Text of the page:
Who was Charlotte Mason?

Charlotte Mason

Charlotte Mason was a British educator in the 1800’s and the early 1900’s who believed in “living books” instead of dry facts and textbooks, and whose revolutionary methods of teaching focused on three aspects: Education is an Atmosphere, a Discipline, a Life. Atmosphere was the home environment and very important to the physical and emotional development, mind and soul of the child, discipline was the consistent exercise of good, daily habits, and life was academics.

When I first heard about Charlotte Mason, I thought, “Why would I want to use a homeschool method of a dead woman who lived in the 1800’s?” Not to be crass or anything, but I didn’t see the point at first. Then I began to study her writings in For The Children’s Sake by Susan Schaeffer Macaulay, Charlotte Mason Companion by Karen Andreola, and then Charlotte Mason’s own works, The Original Homeschooling Series. Her methods are so freeing from the traditional, familiar, boring public school ways that you and I grew up on!

Charlotte believed children should be given “living thoughts and ideas,” and not given dry facts and boring textbooks. Let’s face it, how many of us loved the textbooks we used to have to read in public school? How many of our own children like textbooks in our homeschools?

Do you do “school-at-home?” I used to until I discovered Charlotte. I also confess that at times when I have been extremely fatigued, stressed out, or preoccupied, I have reverted back to old ways – ways that do not work – i.e., boring facts, dry textbooks and workbooks. As our daughter Leah has said before when I’ve done this, “You throw a book at me and expect me to get it.” And I can always tell a difference in Leah’s interest level when I do this. She complains, she whines, she resists. Every time I have used Charlotte’s freeing methods, though, Leah has learned so much, she is very interested in the subject, and she has fun!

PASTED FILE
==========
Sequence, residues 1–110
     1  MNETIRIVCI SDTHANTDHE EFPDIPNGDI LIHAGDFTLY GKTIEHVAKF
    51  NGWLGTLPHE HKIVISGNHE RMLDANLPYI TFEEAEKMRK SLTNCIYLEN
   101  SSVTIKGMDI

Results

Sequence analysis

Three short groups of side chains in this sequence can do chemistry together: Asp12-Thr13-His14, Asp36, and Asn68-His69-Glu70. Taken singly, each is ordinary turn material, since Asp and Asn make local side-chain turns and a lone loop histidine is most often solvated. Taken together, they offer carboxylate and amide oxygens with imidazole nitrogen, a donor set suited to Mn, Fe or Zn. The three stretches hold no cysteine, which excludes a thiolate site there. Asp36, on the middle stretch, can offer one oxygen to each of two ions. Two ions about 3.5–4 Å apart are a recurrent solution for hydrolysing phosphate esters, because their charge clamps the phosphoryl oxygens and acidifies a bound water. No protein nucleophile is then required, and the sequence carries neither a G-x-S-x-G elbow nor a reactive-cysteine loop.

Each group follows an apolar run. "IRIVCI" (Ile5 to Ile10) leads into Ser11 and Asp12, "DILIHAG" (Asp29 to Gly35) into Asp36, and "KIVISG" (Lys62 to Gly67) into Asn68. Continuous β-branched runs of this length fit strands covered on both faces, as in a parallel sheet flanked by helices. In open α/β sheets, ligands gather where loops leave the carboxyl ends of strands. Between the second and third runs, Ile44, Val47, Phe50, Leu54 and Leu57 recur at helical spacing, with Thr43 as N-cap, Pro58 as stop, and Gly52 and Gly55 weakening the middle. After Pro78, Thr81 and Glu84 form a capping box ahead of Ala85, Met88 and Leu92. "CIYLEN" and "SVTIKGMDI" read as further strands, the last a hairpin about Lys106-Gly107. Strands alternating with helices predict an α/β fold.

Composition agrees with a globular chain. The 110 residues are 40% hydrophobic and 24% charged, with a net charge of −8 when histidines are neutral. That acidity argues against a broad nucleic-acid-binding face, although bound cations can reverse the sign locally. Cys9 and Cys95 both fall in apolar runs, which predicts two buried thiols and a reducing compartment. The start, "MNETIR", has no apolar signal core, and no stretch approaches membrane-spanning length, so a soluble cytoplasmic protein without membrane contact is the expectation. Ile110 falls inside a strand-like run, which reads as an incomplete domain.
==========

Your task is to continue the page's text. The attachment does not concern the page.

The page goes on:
With Charlotte’s methods, children are encouraged to read a wide range of “living books” in each academic subject. “Living books” are books told in story form by an author who is passionate about the subject, that whet the appetite for learning more. Examples would be stories like the Just So stories, Little Women, Tom Sawyer, Charles Dickens’ works, and other classics.

In case you think these are old-fashioned books and your kids wouldn’t be the slightest bit interested, there are also many modern books that qualify as “living book” – books told from a story point of view and stir the imagination, on subjects ranging from science fiction to medieval history to language arts. You can find some listed by grade and subject at Living Books Curriculum, in the catalog of Christian Books Distributors, Borders, and Barnes and Nobles bookstores.

Charlotte stressed narration of material covered to help the child retain what they had read, to fully use the powers of the mind, and to kindle the imagination. Narration is the child telling back in his own words what he read or has seen, either in writing or verbally. Children begin by narrating out loud a children’s story and stories from the Bible. As they grow older, they begin to write their narrations, which leads into learning how to write essays, stories, compositions, and research papers. It is amazing how much detail your children will remember from reading a story, or from studying a beautiful art picture (called “Picture Study”).

Copywork from the Bible and great literature, combined with dictation, help students to learn to think and write great thoughts, print and write in cursive well, spell correctly, and use proper grammar and punctuation. The copywork should be done with their best handwriting. Sloppy work is not acceptable.